• Jay Vee

          June 19, 2017 at 12:25 am

          “Not Ready For Primetime” Hybrid technology killed the LMP1 class in 24-hr. Now, LMP1 is 2 mfg NOBODYCARES class, the drama was left over from last year.
          Look at what Hybrid has done to F1 – McClaren can’t score a single point with Honda, which is dominating Indy? Huh?
          The hybrid technology sucks – Too expensive too complex and when it breaks you’re done. If you want an efficient car buy a BMW 3-series.
          Euro-Dweeb regulations are to blame for poor racing competition in F1 and LMP1. LMP2 is where the hot racing is, DPi is a better formula than LMP1 attracting more mfg interest.

      • RVail

        June 18, 2017 at 8:43 pm

        Perfect reply.

        Toyota/Porsche are licking their wounds. Both are stubborn companies and aren’t about to go backwards.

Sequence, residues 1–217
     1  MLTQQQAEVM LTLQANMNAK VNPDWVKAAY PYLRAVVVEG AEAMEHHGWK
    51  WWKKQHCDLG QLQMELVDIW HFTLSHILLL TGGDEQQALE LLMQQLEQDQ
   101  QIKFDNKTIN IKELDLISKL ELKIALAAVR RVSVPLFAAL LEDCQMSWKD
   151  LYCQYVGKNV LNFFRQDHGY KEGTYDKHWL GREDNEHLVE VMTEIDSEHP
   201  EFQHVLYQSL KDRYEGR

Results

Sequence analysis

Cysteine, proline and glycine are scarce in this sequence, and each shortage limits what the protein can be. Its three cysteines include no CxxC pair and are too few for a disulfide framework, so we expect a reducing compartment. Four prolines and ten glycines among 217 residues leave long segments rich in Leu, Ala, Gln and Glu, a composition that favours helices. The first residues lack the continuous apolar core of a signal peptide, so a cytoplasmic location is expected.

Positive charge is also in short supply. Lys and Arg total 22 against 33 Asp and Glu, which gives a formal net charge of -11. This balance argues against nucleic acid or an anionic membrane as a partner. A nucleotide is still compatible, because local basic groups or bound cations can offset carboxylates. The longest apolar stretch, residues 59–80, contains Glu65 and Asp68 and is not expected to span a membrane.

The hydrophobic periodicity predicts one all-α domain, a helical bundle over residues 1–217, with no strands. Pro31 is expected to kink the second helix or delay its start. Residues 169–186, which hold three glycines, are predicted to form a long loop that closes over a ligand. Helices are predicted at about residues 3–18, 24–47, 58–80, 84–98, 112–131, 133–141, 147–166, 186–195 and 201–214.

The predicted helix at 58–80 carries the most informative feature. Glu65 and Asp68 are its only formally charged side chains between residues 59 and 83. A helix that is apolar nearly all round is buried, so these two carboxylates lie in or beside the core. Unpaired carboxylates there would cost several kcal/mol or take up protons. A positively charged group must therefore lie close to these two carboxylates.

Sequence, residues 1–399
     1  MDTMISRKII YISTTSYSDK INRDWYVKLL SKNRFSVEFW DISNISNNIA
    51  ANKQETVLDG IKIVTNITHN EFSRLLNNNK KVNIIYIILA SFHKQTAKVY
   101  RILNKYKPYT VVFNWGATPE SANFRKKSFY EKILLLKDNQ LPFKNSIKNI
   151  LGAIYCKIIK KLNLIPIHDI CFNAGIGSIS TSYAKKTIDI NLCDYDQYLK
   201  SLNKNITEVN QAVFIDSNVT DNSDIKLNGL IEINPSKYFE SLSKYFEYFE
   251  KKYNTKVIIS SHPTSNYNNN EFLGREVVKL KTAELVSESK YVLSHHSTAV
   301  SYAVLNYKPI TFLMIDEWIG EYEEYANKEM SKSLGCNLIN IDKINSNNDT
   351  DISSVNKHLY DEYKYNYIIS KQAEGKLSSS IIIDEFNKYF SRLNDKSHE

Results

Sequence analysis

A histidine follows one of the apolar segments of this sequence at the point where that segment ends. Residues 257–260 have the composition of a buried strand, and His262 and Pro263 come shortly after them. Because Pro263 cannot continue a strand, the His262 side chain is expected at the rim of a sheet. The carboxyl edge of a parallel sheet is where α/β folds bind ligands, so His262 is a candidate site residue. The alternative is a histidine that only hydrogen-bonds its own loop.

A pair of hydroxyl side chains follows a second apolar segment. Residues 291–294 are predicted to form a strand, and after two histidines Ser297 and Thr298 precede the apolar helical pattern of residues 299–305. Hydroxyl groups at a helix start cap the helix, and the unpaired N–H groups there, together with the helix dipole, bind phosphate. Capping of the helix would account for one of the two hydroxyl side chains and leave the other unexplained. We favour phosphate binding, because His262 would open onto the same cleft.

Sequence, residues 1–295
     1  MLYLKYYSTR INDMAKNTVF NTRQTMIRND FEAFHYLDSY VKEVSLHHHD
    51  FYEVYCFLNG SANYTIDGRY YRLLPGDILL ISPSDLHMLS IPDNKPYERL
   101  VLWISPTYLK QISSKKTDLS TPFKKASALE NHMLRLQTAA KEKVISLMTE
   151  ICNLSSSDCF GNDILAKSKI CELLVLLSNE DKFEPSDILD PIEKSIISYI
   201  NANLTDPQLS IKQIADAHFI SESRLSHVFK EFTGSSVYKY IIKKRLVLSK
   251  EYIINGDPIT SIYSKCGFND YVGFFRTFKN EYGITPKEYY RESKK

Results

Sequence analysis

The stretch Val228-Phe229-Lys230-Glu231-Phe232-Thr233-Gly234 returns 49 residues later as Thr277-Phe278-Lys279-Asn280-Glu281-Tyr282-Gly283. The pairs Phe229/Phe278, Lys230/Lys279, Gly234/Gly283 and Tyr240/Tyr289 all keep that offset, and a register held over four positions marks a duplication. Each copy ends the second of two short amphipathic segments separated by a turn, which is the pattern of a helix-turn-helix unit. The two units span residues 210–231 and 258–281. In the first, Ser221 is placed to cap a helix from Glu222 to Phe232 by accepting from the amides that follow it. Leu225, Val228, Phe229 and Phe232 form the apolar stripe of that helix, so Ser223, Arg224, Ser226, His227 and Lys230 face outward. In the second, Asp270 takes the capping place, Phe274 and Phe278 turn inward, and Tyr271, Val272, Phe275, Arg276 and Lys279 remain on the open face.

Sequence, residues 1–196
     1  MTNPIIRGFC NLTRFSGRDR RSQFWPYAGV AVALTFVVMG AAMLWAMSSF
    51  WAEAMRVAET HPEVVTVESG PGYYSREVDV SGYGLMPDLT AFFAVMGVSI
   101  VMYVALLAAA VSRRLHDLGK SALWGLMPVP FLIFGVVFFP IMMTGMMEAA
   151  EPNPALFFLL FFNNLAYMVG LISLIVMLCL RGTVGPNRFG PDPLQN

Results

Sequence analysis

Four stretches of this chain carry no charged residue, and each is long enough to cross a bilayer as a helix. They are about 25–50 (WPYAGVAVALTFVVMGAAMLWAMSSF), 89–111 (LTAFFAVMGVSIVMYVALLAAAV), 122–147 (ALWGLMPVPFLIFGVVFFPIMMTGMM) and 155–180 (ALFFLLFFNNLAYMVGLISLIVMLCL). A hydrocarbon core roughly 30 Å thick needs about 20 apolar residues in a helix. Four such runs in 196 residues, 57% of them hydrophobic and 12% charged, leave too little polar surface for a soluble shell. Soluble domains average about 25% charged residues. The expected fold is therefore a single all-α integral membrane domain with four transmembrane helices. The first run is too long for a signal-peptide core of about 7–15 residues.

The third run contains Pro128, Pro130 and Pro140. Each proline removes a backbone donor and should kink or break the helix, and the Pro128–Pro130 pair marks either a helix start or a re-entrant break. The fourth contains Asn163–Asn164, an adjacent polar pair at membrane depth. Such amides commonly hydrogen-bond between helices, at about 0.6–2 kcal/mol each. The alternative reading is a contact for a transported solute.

• Dave Spitzer

        June 19, 2017 at 1:57 am

        Great comment. Facts are very useful.

    • CR

      June 18, 2017 at 7:26 pm

      In the current situation, you can’t go away from the fuel-flow-capped rules, which encourage hybrids.
      And if you were to ditch the hybrid systems, the manufacturers would go even more crazy on the engines, with the same results.

      Going to DPi is not a viable options. LMP1 have 17% less fuel capacity than LMP2(and so DPi), but run 40% longer and 10s faster on that.
      You can’t take the tech/efficiency away without taking the manufacturers away. If you make DPis run to the current P1 fuel limit, they become hopelessly slow.

      • Jordan

        June 18, 2017 at 8:30 pm


        Facts and knowledge.

      • Jay Vee

        June 19, 2017 at 12:27 am

        Euro-dweeb fuel rules – killing racing.
        without the noise and the fumes and the excess WHO CARES?

    • kv

      June 18, 2017 at 8:22 pm


    • kv

      June 18, 2017 at 8:54 pm

      HUGUES looked more distraught than TOYODA at the TS050 FAILURES !DE CHAUNAC has a dog ,or should I say many hounds in the LMP HUNT !

    • Axl Rose ate my Buick

      June 19, 2017 at 9:01 am

      But how many hybrids already won that race in the last few years? This year, the heat and the state of impressive lap times and competition played a major role in all the retirements.